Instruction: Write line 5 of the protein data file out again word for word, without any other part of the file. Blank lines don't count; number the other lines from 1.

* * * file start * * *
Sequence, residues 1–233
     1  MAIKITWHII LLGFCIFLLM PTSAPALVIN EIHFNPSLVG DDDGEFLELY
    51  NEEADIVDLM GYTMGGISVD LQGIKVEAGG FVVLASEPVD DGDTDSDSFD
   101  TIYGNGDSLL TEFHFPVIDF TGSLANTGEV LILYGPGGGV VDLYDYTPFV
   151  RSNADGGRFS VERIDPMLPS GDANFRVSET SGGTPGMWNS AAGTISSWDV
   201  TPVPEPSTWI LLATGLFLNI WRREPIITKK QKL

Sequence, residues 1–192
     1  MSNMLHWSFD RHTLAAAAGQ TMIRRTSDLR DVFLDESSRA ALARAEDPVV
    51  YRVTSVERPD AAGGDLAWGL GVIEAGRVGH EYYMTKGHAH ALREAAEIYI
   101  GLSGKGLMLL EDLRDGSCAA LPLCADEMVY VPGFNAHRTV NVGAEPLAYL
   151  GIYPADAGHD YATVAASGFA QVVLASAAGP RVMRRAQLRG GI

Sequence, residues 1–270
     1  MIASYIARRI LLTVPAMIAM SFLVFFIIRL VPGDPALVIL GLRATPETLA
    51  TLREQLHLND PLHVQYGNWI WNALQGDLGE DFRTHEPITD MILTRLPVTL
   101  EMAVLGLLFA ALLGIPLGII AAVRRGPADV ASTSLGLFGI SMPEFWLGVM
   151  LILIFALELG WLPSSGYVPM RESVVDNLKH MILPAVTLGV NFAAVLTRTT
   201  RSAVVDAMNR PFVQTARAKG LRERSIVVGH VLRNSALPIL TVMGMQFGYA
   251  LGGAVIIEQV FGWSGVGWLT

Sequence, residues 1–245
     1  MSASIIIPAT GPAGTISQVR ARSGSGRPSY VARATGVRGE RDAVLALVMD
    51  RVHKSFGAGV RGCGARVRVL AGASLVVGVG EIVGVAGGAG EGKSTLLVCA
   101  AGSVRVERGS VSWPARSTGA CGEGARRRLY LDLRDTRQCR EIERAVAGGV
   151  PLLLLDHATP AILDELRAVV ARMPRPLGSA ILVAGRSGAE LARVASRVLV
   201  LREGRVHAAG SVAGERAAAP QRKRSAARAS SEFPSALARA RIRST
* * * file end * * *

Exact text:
   151  RSNADGGRFS VERIDPMLPS GDANFRVSET SGGTPGMWNS AAGTISSWDV